1. Privacy: Alex may not have wanted his family to have to experience the financial and emotional costs of his living probate court proceedings, but he may also have felt less than enthusiastic about his personal affairs being discussed in a public forum.
  1. Clarity: In addition to it being costly and a compromise of privacy, living probate is also full of guesswork. If Alex had assigned powers of attorney and established long-term care provisions in his estate plan, his affairs would be handled exactly as he wished in the event of his incapacity. When the court is involved, they usually apply default rules of state law, which means the legislature is essentially making some choices for you and your family.

How to Structure Your Estate Plan

So what does an individual like Alex need to do in order to avoid the chance of his family having to go through living probate? There are a few specific steps we can take to make in planning your estate to ensure your affairs never end up in a court-appointed guardian’s hands:

  • Powers of attorney: A complete estate plan includes named powers of attorney who will fulfill the roles of guardians and conservators in the event of your incapacity. The difference is that these individuals will be chosen by you rather than by the court. There are a number of different types of powers of attorney for specific purposes, such as a healthcare power of attorney or a general durable power of attorney, the latter of which controls the management of your finances.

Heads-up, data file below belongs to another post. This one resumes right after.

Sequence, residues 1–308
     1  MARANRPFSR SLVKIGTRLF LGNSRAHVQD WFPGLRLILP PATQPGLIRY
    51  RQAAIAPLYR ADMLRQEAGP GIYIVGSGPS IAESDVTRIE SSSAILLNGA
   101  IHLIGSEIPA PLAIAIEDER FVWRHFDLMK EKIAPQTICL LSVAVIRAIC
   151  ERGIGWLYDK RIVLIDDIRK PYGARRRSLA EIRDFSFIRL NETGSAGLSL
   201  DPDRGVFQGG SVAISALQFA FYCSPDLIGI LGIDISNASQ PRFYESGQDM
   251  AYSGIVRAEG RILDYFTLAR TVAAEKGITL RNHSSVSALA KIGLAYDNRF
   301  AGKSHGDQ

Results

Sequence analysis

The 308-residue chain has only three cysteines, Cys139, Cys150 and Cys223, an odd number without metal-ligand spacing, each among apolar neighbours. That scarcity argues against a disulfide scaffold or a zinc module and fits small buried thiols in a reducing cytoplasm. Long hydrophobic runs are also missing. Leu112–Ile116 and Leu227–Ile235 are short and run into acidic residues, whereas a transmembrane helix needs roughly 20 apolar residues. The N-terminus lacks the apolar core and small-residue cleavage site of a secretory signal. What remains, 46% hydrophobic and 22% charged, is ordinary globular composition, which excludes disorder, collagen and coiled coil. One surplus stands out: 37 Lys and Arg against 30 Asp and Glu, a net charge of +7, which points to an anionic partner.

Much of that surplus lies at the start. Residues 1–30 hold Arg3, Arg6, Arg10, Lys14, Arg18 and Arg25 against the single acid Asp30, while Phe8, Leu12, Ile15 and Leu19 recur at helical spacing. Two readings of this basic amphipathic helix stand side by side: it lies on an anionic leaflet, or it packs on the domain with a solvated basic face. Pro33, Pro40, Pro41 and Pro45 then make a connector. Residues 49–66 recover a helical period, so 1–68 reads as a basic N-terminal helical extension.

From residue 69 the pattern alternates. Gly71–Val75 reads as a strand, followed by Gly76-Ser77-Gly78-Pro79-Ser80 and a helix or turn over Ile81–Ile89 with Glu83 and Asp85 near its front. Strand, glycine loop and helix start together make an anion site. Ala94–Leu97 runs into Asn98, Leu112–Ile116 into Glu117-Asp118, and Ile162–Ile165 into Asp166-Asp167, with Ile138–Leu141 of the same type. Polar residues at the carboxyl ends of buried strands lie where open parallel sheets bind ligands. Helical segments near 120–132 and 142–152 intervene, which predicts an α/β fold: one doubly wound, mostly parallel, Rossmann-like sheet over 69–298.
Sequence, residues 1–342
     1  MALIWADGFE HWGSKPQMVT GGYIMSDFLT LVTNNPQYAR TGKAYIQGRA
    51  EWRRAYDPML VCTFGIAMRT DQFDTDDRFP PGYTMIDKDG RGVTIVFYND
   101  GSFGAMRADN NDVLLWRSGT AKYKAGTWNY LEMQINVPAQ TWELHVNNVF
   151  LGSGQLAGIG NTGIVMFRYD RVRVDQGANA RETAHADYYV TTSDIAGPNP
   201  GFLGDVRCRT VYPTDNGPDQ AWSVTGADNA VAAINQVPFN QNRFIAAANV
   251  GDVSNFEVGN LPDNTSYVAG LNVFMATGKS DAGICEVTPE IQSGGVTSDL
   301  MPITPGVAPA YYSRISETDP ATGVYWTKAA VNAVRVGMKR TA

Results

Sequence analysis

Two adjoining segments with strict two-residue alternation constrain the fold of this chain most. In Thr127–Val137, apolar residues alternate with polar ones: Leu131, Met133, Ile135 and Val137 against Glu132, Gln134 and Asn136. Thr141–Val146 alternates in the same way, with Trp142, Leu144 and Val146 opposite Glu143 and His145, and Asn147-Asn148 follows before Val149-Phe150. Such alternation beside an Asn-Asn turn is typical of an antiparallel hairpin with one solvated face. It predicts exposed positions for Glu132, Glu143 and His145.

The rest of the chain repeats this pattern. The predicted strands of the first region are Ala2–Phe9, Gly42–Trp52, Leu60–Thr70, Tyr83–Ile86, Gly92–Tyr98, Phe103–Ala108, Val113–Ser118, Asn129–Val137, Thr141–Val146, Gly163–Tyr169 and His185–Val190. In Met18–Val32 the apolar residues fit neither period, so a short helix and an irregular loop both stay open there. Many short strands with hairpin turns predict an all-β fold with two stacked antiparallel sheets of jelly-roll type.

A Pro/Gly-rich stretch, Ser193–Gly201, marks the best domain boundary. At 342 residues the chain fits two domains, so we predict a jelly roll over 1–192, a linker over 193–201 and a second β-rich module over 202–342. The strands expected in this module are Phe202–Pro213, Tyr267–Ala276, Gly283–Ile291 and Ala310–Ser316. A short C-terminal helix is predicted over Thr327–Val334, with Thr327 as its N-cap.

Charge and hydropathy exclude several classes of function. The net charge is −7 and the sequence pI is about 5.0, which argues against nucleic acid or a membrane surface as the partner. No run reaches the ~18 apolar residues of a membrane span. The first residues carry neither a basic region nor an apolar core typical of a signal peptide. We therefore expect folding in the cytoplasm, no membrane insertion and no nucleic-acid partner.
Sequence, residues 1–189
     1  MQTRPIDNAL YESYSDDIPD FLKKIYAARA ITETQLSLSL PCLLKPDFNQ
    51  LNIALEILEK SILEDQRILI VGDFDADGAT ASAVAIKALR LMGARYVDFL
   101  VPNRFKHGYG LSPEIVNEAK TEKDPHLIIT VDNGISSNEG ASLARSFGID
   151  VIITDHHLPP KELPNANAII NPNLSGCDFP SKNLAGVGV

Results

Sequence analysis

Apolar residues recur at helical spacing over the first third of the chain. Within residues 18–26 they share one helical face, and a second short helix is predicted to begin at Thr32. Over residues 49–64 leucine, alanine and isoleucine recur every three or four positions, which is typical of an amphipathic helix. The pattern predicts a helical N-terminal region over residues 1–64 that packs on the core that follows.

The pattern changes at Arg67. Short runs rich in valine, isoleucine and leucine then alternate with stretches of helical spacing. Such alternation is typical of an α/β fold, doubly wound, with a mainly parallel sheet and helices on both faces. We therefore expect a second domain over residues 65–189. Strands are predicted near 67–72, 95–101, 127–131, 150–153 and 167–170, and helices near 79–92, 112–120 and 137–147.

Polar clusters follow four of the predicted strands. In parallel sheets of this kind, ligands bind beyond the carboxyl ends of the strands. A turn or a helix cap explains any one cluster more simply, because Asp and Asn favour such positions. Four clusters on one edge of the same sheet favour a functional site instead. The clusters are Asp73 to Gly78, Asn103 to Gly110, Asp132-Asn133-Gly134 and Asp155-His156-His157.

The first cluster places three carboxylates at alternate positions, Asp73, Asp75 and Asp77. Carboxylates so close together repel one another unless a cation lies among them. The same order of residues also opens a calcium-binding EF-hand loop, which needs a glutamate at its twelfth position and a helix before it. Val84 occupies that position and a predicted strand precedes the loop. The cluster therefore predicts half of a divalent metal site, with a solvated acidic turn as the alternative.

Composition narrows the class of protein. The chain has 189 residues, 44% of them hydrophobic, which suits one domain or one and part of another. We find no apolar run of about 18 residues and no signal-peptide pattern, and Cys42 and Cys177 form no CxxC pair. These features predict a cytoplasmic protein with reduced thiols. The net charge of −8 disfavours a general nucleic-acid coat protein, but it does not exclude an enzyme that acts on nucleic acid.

• Long-term care planning: Although you may never need long-term care, building a strategy for it into your estate plan will allow you to relax knowing that you’ll receive long-term care according to your wishes if that becomes necessary. This type of planning also helps protect the assets in your estate plan from being used up on medical expenses before going to your beneficiaries.

Avoiding guardianship and conservatorship through living probate is a relatively pain-free process if handled well ahead of time. Get in touch with us today to go over the parts of your estate plan that may need amending to give you and your family the best possible outcomes. We are here to help and can quickly get your estate plan in optimal shape.